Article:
Robust Fitting of Linear Models
Fit a linear model by robust regression using an M estimator.
## S3 method for class 'formula': rlm(formula, data, weights, \dots, subset, na.action, method = c("M", "MM", "model.frame"), wt.method = c("inv.var", "case"), model = TRUE, x.ret = TRUE, y.ret = FALSE, contrasts = NULL)
## S3 method for class 'default': rlm(x, y, weights, \dots, w = rep(1, nrow(x)), init = "ls", psi = psi.huber, scale.est = c("MAD", "Huber", "proposal 2"), k2 = 1.345, method = c("M", "MM"), wt.method = c("inv.var", "case"), maxit = 20, acc = 1e-4, test.vec = "resid", lqs.control = NULL)
psi.huber(u, k = 1.345, deriv = 0) psi.hampel(u, a = 2, b = 4, c = 8, deriv = 0) psi.bisquare(u, c = 4.685, deriv = 0)
- a formula of the form
y ~ x1 + x2 + ....
- data frame from which variables specified in
formulaare preferentially to be taken.
- a vector of prior weights for each case.
- An index vector specifying the cases to be used in fitting.
- A function to specify the action to be taken if
NAs are found. The
factory-freshdefault action in Ris
na.omit, and can be changed by
- a matrix or data frame containing the explanatory variables.
- the response: a vector of length the number of rows of
- currently either M-estimation or MM-estimation or (for the
formulamethod only) find the model frame. MM-estimation is M-estimation with Tukey's biweight initialized by a specific S-estimator. See the
- are the weights case weights (giving the relative importance of case, so a weight of 2 means there are two of these) or the inverse of the variances, so a weight of two means this error is half as variable?
- should the model frame be returned in the object?
- should the model matrix be returned in the object?
- should the response be returned in the object?
- optional contrast specifications: se
- (optional) initial down-weighting for each case.
- (optional) initial values for the coefficients OR a method to find
initial values OR the result of a fit with a
coefcomponent. Known methods are
"ls"(the default) for an initial least-squares fit using weights
- the psi function is specified by this argument. It must give
(possibly by name) a function
g(x, ..., deriv)that for
deriv=0returns psi(x)/x and for
deriv=1returns psi'(x). Tuning constants will be pa
- method of scale estimation: re-scaled MAD of the residuals (default)
or Huber's proposal 2 (which can be selected by either
- tuning constant used for Huber proposal 2 scale estimation.
- the limit on the number of IWLS iterations.
- the accuracy for the stopping criterion.
- the stopping criterion is based on changes in this vector.
- additional arguments to be passed to
rlm.defaultor to the
- An optional list of control values for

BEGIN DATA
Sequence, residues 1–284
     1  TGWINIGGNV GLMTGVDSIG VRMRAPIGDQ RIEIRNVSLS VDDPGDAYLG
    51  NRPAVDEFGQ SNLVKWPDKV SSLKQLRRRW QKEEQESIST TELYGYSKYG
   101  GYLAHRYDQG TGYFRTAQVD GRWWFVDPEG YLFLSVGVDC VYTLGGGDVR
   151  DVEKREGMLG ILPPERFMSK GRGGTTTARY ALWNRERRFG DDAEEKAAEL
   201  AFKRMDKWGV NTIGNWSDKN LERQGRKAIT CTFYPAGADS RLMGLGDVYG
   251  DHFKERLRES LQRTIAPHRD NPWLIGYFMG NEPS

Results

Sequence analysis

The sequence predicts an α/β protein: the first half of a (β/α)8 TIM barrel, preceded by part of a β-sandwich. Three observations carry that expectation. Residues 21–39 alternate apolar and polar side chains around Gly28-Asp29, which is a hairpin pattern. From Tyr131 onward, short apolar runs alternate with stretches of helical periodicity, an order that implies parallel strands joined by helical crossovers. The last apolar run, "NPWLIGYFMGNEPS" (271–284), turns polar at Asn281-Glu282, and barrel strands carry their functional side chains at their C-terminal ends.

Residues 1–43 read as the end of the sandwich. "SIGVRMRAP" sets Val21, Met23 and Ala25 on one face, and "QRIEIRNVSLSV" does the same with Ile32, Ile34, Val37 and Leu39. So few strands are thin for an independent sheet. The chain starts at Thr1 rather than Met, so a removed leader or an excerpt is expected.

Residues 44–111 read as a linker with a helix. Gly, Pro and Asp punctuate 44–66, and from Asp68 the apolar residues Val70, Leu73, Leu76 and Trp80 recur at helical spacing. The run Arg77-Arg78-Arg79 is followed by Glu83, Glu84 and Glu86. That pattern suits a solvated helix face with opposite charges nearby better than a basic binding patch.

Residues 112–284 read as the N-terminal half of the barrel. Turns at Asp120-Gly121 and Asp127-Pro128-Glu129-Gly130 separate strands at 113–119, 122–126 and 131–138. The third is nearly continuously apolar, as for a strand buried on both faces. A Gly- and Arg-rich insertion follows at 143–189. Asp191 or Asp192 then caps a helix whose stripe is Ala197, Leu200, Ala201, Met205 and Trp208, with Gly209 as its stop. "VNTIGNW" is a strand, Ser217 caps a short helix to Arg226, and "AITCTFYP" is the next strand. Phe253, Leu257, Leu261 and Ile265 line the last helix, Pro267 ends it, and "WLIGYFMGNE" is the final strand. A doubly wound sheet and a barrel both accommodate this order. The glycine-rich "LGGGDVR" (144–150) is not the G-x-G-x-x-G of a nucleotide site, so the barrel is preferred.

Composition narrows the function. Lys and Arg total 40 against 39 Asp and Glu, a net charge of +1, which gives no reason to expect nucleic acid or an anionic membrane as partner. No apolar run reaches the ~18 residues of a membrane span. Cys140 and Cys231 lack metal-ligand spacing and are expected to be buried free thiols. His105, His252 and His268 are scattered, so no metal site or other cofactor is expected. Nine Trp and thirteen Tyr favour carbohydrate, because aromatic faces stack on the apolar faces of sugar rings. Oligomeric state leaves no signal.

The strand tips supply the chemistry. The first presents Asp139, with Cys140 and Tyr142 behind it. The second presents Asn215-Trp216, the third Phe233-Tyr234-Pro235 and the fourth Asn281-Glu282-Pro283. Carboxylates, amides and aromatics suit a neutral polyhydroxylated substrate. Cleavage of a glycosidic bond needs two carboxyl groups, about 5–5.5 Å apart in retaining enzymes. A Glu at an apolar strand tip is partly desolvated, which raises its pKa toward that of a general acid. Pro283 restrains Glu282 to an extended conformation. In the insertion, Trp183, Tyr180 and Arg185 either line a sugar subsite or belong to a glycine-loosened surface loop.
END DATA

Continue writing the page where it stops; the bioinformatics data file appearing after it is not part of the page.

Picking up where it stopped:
- numeric vector of evaluation points.
- k, a, b, c
- tuning constants.
1: compute values of the psi function or of its first derivative.
Fitting is done by iterated re-weighted least squares (IWLS).
Psi functions are supplied for the Huber, Hampel and Tukey bisquare
psi.bisquare. Huber's corresponds to a convex optimization
problem and gives a unique solution (up to collinearity). The other
two will have multiple local minima, and a good starting point is
method = "MM" selects a specific set of options which
ensures that the estimator has a high breakdown point. The initial set
of coefficients and the final scale are selected by an S-estimator
k0 = 1.548; this gives (for $n \gg p$)
breakdown point 0.5.
The final estimator is an M-estimator with Tukey's biweight and fixed
scale that will inherit this breakdown point provided
c > k0;
this is true for the default value of
c that corresponds to
95% relative efficiency at the normal. Case weights are not
method = "MM".
- An object of class
"lm". The additional components not in an
s the robust scale estimate used w the weights used in the IWLS process psi the psi function with parameters substituted conv the convergence criteria at each iteration converged did the IWLS converge? wresid a working residual, weighted for
P. J. Huber (1981) Robust Statistics. Wiley.
F. R. Hampel, E. M. Ronchetti, P. J. Rousseeuw and W. A. Stahel (1986) Robust Statistics: The Approach based on Influence Functions. Wiley.
A. Marazzi (1993) Algorithms, Routines and S Functions for Robust Statistics. Wadsworth & Brooks/Cole.
Venables, W. N. and Ripley, B. D. (2002) Modern Applied Statistics with S. Fourth edition. Springer.
summary(rlm(stack.loss ~ ., stackloss)) rlm(stack.loss ~ ., stackloss, psi = psi.hampel, init = "lts") rlm(stack.loss ~ ., stackloss, psi = psi.bisquare)